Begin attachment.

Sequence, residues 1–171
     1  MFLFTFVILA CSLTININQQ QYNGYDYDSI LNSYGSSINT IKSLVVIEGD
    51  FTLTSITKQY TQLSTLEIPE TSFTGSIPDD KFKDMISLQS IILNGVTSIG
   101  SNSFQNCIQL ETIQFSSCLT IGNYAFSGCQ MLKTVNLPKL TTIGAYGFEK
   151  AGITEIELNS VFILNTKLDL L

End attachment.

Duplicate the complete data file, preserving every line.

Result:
Sequence, residues 1–171
     1  MFLFTFVILA CSLTININQQ QYNGYDYDSI LNSYGSSINT IKSLVVIEGD
    51  FTLTSITKQY TQLSTLEIPE TSFTGSIPDD KFKDMISLQS IILNGVTSIG
   101  SNSFQNCIQL ETIQFSSCLT IGNYAFSGCQ MLKTVNLPKL TTIGAYGFEK
   151  AGITEIELNS VFILNTKLDL L